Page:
movie review

The Hunt mows down the left and the right in raucous satire

The Hunt mows down the left and the right in raucous satire

The Hunt movie review Betty Gilpin as Crystal in The Hunt
Betty Gilpin as Crystal in The Hunt Photo Credit: Patti Perret/Universal Pictures
The Hunt movie review Athena (Hilary Swank) and Crystal (Betty Gilpin) in The Hunt
Athena (Hilary Swank) and Crystal (Betty Gilpin) in The Hunt. Photo Credit: Patti Perret/Universal Pictures
The Hunt movie review Peter (Vince Pisani), Athena (Hilary Swank), Liberty (Teri Wyble) and Kelly (Hannah Alline) in The Hunt
Peter (Vince Pisani), Athena (Hilary Swank), Liberty (Teri Wyble), and Kelly (Hannah Alline) in The Hunt. Photo Credit: Patti Perret/Universal Pictures
The Hunt movie review Betty Gilpin as Crystal in The Hunt
The Hunt movie review Athena (Hilary Swank) and Crystal (Betty Gilpin) in The Hunt
The Hunt movie review Peter (Vince Pisani), Athena (Hilary Swank), Liberty (Teri Wyble) and Kelly (Hannah Alline) in The Hunt

After review, The Hunt harks to the Alexander Payne film, Citizen Ruth.

That 1996 dramedy had recent Oscar winner Laura Dern as a spray paint-huffing vagrant who becomes a cause celebre when she gets pregnant (again) and gets caught in the middle of an abortion-issue war between pro-choicers and pro-lifers, each with their own selfish agenda. She's trapped between the left and the right, and she has no choice but to fend for herself.

Something similar happens in The Hunt (except without the abortion talk) with lots of guns.

Much like Payne did with his debut film nearly 25 years ago, this black comedy (which was supposed to be released last fall, but was shelved due to our president saying the movie would "inflame and cause chaos") is out to take the vitriol — and a lot of blood — out of both sides of the aisle, in the broadest, most bullet-riddled way possible.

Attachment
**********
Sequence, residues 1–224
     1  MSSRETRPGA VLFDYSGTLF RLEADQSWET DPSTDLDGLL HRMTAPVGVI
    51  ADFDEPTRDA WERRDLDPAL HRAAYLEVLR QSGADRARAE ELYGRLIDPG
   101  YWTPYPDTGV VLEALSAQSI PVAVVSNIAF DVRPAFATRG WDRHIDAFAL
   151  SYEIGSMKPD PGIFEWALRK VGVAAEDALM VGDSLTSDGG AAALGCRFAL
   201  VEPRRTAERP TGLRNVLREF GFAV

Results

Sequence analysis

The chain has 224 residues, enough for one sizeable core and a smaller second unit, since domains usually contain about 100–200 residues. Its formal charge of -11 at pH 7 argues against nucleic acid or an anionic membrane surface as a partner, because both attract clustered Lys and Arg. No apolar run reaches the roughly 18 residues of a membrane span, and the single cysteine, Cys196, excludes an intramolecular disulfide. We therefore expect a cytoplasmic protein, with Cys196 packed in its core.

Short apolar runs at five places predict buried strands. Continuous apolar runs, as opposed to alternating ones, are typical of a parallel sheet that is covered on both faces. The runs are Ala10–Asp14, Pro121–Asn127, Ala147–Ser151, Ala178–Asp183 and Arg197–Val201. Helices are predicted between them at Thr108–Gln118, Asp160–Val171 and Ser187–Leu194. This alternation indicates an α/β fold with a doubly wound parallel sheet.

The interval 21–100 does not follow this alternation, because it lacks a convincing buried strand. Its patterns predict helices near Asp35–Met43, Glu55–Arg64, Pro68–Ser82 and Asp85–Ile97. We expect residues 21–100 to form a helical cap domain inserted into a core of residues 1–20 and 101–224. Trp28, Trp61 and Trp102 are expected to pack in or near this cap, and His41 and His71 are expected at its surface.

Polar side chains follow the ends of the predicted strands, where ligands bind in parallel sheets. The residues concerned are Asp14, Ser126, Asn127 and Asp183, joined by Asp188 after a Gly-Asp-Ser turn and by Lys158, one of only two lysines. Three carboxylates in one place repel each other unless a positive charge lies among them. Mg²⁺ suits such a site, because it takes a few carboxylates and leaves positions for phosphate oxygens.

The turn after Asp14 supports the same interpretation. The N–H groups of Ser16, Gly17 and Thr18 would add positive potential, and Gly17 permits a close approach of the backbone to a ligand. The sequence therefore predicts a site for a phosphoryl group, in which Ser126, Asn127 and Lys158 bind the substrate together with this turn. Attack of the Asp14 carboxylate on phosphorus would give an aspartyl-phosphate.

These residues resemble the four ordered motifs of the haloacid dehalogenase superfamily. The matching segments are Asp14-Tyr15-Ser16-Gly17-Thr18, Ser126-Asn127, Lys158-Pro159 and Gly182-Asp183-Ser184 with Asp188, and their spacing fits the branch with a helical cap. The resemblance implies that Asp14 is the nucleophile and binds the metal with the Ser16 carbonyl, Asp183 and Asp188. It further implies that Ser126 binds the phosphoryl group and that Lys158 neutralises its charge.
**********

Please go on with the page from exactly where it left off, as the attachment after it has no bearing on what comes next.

The heroine this time around is Betty Gilpin (of the Netflix show GLOW), an Afghan war veteran who is one of the many people who gets drugged and whisked away to an unfamiliar place and ultimately, hunted for sport. It turns out they are the prey for a group of rich liberals (led by Hilary Swank, all elitist and bloodthirsty) who are heavily armed and ready to mow down some right-wing deplorables.

Emma Roberts, Justin Hartley, and Ike Barinholtz are some of the conservative-minded captives who are also running for their lives. (Viewers might not be concerned about their well-being for much of the movie.)

This whole thing is about Gilpin's badass soldier, who easily slips into kill-or-be-killed mode and properly begins taking out these upper-crust NPR listeners one-by-one. Gilpin, an amusing, eccentric actress, appears to take wicked glee in playing her heroine as both quick-witted and quietly unhinged, virtually unfazed by all the insanity that's going on all around her because she's been down this road before.

Perhaps the umpteenth retelling of the short story The Most Dangerous Game (our favorite adaption: the '90s flick Surviving the Game, where Ice-T gets hunted by Rutger Hauer and Gary Busey?), Hunt comes to us courtesy of producer and TV impresario Damon Lindelof, who wrote the script with Nick Cuse (son of frequent collaborator Carlton Cuse).

Along with director Craig Zobel, who has directed episodes of The Leftovers and Westworld and already tackled the subject of gullible yokels in the films Great World of Sound and Compliance, all use this film to gut — figuratively and literally — both the red and blue state folk, who are both portrayed here as self-centered, ill-informed, and utterly sanctimonious.

Call it an examination of social media, which is literally a daily, never-ending cacophony of loudmouthed people on both sides, constantly drowning each other out to show they're better than the other. 

Indeed, no matter how silly and savage The Hunt gets, it's still nowhere as insane as the news we get on an hourly basis.